REDDING, Calif. (KRON) — Sherri Papini, the Northern California woman who faked her own kidnapping, was recorded on camera inside an interrogation room the moment detectives dropped a bombshell on her web of lies.

Papini, 39, of Redding, burst into tears when two detectives told her that they found her ex-boyfriend and he passed a lie detector test. The Shasta County Sheriff’s Office released the video to KRON4 on Thursday in response to KRON4’s Public Records Act request.

Papini’s ex-boyfriend, James Reyes, told investigators details about what really happened the week she claimed she was “kidnapped” by Hispanic women in 2016. Papini was never snatched off the street and held captive, as she claimed. Instead, the married mother of two had run off with her ex-boyfriend to his Southern California home.

“(Reyes) 100% told us what happened. He gave us details that nobody else would know,” one detectives says in the August 13, 2020 interrogation video.

“No, no, no. He was my friend,” Papini wails while covering her face with her hands.

Sherri Papini sobs during an August 13, 2020 interrogation with Shasta County Sheriff’s Office detectives. (Image courtesy SCSO)

Investigators had been suspicious of Papini’s elaborate kidnapping story ever since a medical exam found DNA on her clothing that matched her former lover’s DNA.

“The DNA that was on you belongs to James Reyes. The DNA alone says it’s him. And when we talked to him, confronted him with the DNA, he told us what happened,” the detective tells Papini in the video. 

“He’s been on a polygraph. We have everything that says he told the truth. It’s not an abduction,” the detective says.

“No. There’s no way it’s James. There’s just no way,” Papini says.

“DNA doesn’t lie. He came and got you because you asked him to,” the detective replies. 

Just before detectives dropped the bombshell evidence, the video shows they gave Papini a choice. Detectives said they could either reveal their cards against Papini right in front of her husband, or, they could do it after her husband stepped out of the interrogation room. Papini and her husband whispered together for a few minutes as detectives waited outside the interrogation room. It’s unclear whether they were aware that their whispers were being recorded.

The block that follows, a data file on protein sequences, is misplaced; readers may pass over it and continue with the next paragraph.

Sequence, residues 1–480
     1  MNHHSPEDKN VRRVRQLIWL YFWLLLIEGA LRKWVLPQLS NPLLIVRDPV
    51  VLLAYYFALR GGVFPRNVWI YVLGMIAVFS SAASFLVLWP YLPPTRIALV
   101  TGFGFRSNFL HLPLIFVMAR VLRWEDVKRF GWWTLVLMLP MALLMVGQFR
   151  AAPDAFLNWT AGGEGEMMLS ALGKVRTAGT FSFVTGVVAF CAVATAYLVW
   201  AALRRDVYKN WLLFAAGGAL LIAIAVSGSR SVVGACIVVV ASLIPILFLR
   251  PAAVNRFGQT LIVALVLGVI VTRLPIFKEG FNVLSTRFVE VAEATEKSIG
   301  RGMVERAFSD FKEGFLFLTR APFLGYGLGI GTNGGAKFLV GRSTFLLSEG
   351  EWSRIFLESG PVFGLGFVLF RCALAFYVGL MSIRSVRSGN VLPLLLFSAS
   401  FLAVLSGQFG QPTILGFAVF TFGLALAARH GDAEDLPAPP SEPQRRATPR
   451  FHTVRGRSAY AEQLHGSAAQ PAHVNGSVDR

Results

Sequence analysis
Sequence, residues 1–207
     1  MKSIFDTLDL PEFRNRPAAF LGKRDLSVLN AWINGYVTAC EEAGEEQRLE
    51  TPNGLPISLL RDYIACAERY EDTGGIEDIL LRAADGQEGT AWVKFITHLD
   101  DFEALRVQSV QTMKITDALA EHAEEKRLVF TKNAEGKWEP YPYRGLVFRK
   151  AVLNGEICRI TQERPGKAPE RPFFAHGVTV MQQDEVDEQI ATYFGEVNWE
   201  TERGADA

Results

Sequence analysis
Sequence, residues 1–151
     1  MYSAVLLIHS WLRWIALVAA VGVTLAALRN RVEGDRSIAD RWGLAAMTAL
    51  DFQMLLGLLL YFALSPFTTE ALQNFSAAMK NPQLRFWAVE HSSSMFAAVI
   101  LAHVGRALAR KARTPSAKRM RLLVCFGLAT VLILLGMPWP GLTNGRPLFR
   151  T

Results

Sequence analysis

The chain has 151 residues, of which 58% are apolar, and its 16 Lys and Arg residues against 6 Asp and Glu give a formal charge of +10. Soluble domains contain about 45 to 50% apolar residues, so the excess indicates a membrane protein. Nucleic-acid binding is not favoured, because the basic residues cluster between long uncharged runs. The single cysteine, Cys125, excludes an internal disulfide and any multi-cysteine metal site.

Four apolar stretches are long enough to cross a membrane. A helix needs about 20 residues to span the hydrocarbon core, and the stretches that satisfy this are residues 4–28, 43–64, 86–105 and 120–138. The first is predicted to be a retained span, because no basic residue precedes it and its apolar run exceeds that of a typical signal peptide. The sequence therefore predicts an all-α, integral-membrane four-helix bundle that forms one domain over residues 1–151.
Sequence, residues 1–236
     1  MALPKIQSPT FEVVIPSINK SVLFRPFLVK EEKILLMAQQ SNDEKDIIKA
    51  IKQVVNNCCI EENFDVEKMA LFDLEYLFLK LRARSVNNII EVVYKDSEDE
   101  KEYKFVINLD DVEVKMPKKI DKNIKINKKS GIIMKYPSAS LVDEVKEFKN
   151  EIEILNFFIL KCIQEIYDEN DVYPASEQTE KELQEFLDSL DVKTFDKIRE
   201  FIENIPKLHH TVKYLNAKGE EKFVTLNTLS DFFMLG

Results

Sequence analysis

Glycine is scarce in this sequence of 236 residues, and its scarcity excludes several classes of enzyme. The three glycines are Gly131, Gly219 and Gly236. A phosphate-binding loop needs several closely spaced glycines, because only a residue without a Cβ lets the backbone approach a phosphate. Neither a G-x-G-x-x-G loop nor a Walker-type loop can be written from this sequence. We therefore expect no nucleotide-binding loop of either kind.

Sherri Papini walks to the federal courthouse accompanied by her attorney, Willian Portanova, right, in Sacramento, Calif., on April 13, 2022. (AP Photo /Rich Pedroncelli)

Papini’s husband, Keith, appears frustrated as he urges his wife to help the detectives find her captors. Papini doubles-down on her lies, continues to portray herself as the victim, and tells her husband that she doesn’t want her captors to be arrested. Papini claims one of her captors helped her escape.

“I don’t want them to find her. I don’t want her to be arrested. I don’t want to press charges,” Papini whispers.

“Why?” Keith emphatically asks his wife.

“Because she saved my life. She’s the reason why I get to hold my children every single day,” Papini replies.

“You’re not making sense to me,” Keith says.

For years following the kidnapping hoax, Keith stood by his wife’s side, defending her credibility to the media and emotionally supporting her during interviews with law enforcement. Keith filed for divorce in April just two days after she pleaded guilty to lying to FBI agents.

Sherri Papini leaves a courthouse in Sacramento after a judge sentenced her to serve 18 months in federal prison on Sept. 19, 2022.  (AP Photo / Rich Pedroncelli)

Papini was sentenced by a federal judge on Tuesday to serve 18 months in prison. Her sentencing ended a 6-year-long saga that began in November of 2016. Her husband came home from work and discovered that his children were never picked up from daycare by their mother.

The stay-at-home mom’s disappearance set off frantic search efforts across Northern California.

She re-appeared when motorists spotted her running along Interstate 5 in Woodland, Calif. on Nov. 24, 2016. She had a chain around her waist and injuries on her body. She told her husband that two Hispanic women kidnapped her at gunpoint, chained her in a closet, yelled at her in Spanish, beat her, and listened to “annoying Mexican music,” according to an affidavit.

In reality, the whole time Papini was missing, she was with her ex-boyfriend in Orange County, investigators said. Reyes said Papini had begged him to pick her up in Redding.

According to the affidavit, “The ex-boyfriend admitted to investigators that he helped Papini ‘run away.’ Papini told him that her husband was beating and raping her and she was trying to escape. Papini told her ex-boyfriend that she had filed police reports, but the police were not doing anything to stop her husband’s abuse. The ex-boyfriend and Papini had known each other since they were 13 or 14 years old. The two also had a romantic relationship and had previously been engaged.”

Sherri Papini
Sherri Papini (Shasta County Sheriff’s Office)

In the interrogation video, Papini told detectives that she wanted her husband to remain in the room because she only felt safe with him.